“We’ve been looking for a commercial that depicted the concept of The Wave ever since we created it. When we saw the ‘Gold’ spots on a computer graphics demo reel, we thought, ‘Here’s the video representation of this sound,’ and asked Robert Michelson to look into procuring them.”
Seeing the commercial came as a surprise to Kenny Mirman, who served as creative director/designer for the original series of ads.
“I’ve always wanted to see them on U.S. television because I think they’re beautiful films,” says Mirman. “My concern was that their integrity be maintained, and I was not happy with the way the original ending was removed to make room for the new logo. I’m also concerned that I wasn’t consulted at all. This kind of film really does have a beginning, a middle and an end, and you can’t change them without risking destroying them, although I don’t think they’ve done that.”
Mirman’s concern is understandable, as the flat, fuzzy ball that contains the Wave logo doesn’t match the realistic, three-dimensional world he designed, although Sebastian says the new ending took the spot “a quantum leap forward” and that reaction to it has been “tremendous.”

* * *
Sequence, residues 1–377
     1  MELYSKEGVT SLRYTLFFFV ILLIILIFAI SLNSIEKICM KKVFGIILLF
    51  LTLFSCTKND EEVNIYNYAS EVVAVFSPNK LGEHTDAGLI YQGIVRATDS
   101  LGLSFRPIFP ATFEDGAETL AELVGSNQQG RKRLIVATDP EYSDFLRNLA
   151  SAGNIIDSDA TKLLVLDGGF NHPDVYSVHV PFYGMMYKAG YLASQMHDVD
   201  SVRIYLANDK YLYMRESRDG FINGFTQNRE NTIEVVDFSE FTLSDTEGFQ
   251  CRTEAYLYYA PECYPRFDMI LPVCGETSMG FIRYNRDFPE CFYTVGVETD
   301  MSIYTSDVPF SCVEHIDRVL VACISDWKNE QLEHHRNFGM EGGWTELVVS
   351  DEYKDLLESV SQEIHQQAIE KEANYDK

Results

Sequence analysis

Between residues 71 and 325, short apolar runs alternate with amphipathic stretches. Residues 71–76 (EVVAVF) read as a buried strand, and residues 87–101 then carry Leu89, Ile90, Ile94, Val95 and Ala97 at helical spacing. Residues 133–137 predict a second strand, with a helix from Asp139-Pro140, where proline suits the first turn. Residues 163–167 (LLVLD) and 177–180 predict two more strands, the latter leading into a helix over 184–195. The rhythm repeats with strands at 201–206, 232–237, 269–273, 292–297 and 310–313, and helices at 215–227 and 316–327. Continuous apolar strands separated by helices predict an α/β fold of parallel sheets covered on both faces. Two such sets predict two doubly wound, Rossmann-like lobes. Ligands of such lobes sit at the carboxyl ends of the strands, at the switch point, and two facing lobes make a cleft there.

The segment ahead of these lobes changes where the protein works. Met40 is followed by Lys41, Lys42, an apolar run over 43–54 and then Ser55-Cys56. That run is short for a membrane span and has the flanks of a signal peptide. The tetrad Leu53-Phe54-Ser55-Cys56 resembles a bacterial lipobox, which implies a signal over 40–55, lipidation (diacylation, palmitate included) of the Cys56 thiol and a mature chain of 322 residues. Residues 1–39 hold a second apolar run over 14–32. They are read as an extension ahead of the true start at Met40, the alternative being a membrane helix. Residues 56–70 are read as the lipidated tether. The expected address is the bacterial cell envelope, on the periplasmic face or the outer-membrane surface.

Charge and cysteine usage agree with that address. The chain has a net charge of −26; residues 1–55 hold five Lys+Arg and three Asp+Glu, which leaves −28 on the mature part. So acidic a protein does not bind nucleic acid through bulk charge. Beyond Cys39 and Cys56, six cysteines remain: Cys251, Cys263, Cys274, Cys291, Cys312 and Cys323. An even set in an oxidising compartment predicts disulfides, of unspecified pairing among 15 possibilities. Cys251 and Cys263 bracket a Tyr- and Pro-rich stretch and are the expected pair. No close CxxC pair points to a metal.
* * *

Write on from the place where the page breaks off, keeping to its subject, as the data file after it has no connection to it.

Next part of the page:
“Changing the ending and the music is just the tip of a much bigger legal iceberg,” says Bob Abel. “Everyone in the arts, from painters to architects, faces the same problem: the reselling of your work without your having any control over changes in it. I think there is at least a moral obligation on the part of the second client to consult the artist. There’s no clause in our contract to that effect because we never dreamed that anyone would resell a film to another client in another country.”
The same “Gold” spot begins airing in Phoenix next month, advertising another radio station; it may eventually be sold in markets across the country.
Although Sebastian says KTWV may buy the rest of the series if the first one gets “the results we’re anticipating,” the fate of the other ads remains uncertain, especially the 60-second “Carousel,” which features a puppet manipulated by Bruce Schwartz holding a carrousel of computer-generated animals. One-minute commercials are exceedingly rare because of the high cost of air time.